share with other European States. If a person is wanted in any member state, that country can also issue a European arrest warrant which will ensure that if the person comes to the notice of the law enforcement authorities in any member state they can be arrested and returned to the country that issued the European arrest warrant. In addition, SOCA has been appointed to operate the UK Sirene Bureau which will have access to the European wide Schengen Information System. This contains details of all wanted persons throughout the European Union. It is planned that the Sirene Bureau will go live in 2010.
The Interpol Notice system also provides a monitoring facility. Green Notices are used to provide warnings and criminal intelligence about persons who have committed criminal offences, and are likely to repeat those offences in other countries. A Green Notice is often issued by the UK for known travelling sex offenders. The Notice system is not limited to Europe and 187 states have access to it.
James Brokenshire: To ask the Secretary of State for the Home Department what further steps are required for ratification by the UK of the European Convention on Cybercrime; and when she expects ratification to be completed. 
Mr. Alan Campbell: The Government are committed to ratifying the Council of Europe cybercrime convention. We are currently working through the formal UK process of ratification, during which we will lay the required explanatory memorandum before Parliament to obtain approval for ratification. If Parliament agrees to ratification, the Foreign and Commonwealth Office will then commence the formal ratification process with the Council of Europe.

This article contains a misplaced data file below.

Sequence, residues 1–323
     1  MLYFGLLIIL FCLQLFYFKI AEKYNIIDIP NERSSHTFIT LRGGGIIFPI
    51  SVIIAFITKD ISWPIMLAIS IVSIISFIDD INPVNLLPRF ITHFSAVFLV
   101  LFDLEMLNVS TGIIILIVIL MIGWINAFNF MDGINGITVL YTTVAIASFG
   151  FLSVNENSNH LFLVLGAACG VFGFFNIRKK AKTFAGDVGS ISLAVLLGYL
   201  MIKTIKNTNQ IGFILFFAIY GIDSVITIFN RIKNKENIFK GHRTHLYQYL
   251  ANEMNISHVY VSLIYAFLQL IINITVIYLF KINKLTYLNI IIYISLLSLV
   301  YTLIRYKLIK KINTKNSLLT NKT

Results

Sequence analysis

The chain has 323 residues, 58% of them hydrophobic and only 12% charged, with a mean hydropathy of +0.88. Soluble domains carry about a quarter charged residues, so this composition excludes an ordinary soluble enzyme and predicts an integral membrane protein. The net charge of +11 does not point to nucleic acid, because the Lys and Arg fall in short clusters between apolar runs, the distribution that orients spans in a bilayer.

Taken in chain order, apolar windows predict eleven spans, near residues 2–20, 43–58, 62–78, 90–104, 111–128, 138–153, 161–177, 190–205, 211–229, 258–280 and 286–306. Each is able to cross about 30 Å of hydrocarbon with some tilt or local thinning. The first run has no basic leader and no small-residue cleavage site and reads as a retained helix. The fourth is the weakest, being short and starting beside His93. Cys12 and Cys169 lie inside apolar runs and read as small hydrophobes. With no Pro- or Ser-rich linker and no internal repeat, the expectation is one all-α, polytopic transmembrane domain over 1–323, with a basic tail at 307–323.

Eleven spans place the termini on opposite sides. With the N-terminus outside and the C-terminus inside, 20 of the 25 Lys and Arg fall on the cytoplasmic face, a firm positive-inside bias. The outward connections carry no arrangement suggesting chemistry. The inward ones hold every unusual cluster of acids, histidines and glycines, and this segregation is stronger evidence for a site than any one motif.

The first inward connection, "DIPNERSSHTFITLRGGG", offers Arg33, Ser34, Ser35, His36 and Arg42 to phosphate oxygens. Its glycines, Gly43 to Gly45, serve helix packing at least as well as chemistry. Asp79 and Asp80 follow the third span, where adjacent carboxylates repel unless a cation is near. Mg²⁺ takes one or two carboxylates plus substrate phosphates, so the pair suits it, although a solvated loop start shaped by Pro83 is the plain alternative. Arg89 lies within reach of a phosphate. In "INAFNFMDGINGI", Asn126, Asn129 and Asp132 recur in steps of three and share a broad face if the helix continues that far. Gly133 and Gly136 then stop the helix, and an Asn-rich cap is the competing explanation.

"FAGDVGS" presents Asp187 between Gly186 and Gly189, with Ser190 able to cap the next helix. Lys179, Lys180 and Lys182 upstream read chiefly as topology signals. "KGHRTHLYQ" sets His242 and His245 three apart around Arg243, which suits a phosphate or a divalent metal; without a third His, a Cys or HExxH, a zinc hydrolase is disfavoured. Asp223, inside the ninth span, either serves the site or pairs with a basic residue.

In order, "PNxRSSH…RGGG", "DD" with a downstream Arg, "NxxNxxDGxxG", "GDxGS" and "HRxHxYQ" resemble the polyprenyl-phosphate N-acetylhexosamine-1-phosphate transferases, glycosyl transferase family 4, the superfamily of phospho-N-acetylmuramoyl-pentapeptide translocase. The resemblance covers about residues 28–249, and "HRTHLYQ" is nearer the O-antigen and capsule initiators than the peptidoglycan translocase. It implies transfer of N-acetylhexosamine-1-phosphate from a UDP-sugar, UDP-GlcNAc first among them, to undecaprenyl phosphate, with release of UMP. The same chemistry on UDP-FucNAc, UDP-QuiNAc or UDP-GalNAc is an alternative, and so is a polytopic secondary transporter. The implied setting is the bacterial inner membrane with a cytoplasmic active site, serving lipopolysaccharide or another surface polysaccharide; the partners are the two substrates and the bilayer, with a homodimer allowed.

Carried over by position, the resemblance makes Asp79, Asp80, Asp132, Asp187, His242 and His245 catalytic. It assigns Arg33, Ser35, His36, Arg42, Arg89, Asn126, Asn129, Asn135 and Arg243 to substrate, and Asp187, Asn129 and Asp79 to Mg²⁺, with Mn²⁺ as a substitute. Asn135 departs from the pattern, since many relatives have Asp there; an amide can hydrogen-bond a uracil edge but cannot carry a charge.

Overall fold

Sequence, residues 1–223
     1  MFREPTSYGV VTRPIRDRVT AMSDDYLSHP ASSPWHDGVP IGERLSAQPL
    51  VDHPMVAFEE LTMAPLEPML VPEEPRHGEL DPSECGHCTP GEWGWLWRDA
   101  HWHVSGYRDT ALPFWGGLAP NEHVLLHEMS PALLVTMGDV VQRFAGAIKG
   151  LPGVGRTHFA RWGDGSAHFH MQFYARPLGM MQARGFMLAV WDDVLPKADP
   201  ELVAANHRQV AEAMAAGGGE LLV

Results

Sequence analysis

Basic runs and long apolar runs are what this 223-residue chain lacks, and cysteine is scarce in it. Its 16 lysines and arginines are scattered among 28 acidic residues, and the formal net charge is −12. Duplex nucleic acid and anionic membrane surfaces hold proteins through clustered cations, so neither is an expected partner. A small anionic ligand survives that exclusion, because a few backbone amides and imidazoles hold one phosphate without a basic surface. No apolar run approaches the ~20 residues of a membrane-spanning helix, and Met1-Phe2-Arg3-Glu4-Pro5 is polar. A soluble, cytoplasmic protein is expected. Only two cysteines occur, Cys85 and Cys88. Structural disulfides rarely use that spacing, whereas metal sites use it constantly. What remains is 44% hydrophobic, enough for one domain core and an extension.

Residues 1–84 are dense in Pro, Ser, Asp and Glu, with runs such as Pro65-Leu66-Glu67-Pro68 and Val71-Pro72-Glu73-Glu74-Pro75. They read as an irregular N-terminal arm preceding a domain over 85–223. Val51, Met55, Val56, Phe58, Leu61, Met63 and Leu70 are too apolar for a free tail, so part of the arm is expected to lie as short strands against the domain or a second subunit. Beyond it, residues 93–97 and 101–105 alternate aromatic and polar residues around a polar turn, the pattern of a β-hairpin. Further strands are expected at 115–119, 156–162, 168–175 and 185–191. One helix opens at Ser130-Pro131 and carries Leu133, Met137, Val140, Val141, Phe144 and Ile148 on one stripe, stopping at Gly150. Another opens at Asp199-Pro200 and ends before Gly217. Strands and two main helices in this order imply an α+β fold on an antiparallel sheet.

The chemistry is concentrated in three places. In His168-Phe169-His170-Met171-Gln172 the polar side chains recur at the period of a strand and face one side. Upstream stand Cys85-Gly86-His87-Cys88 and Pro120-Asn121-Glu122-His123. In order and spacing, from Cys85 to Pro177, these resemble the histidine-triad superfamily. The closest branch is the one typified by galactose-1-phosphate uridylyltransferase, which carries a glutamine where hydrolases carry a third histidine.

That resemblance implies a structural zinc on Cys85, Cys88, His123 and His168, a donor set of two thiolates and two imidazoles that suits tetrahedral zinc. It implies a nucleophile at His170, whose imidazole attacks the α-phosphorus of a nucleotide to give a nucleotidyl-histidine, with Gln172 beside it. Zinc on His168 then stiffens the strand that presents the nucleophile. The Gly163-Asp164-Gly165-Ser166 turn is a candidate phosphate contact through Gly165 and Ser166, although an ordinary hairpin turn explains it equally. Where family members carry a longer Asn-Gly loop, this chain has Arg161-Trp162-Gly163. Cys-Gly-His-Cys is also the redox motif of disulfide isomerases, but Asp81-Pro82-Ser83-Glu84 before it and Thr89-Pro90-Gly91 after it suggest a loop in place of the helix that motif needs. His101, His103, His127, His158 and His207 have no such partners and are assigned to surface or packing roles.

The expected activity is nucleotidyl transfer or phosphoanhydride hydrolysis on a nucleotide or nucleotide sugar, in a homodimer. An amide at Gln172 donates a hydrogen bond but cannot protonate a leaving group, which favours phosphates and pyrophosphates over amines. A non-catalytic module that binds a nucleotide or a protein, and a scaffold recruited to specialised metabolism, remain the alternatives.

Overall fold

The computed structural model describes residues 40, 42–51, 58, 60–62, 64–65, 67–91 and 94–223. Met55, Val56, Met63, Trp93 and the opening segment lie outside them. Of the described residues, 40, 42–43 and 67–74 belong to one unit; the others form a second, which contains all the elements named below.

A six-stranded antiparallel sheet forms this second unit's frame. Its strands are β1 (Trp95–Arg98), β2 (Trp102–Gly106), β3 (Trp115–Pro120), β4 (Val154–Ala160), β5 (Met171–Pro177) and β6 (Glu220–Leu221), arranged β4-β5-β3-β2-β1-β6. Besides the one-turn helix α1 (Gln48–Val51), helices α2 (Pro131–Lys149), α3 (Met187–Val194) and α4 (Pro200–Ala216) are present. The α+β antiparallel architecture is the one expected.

Jenny Willott: To ask the Secretary of State for the Home Department how many and what proportion of profiles of children aged under 10 years-old have been removed from the national DNA database (a) in total and (b) in each police force area; and if she will make a statement. 
Mr. Alan Campbell: On 16 December 2008 the Home Secretary announced that all DNA profiles belonging to children aged under 10 would be removed from the National DNA Database (NDNAD). All such profiles loaded by England and Wales forces have been removed and the profiles of under 10s are no longer retained on the NDNAD.
|Profiles of under 10s removed from the NDNAD since 16 December 2008, broken down by police force area|
|Force||Total profiles deleted|
Mr. Evans: To ask the Secretary of State for the Home Department (1) what estimate she has made of the volume of sales of liquid gamma butyrolactone for (a) illicit and (b) non-industrial use in each of the last three years; 
(3) what advice she received from the Advisory Council on the Misuse of Drugs on the classification of liquid gamma butyrolactone in (a) 2006, (b) 2007, (c) 2008 and (d) 2009; and if she will make a statement. 
The Advisory Council on the Misuse of Drugs (ACMD) provided advice on the classification of GBL in its 2008 report GBL & 1,4-BD: Assessment of Risk to the Individual and Communities in the UK. This advice can be found at:
The Government will shortly be publishing a three-month public consultation which brings forward options to control GBL and its like precursor chemical, 1,4-butanediol. Consultation will look to elicit a better understanding of the scale and scope of the availability for misuse of GBL and 1,4- butanediol in the UK.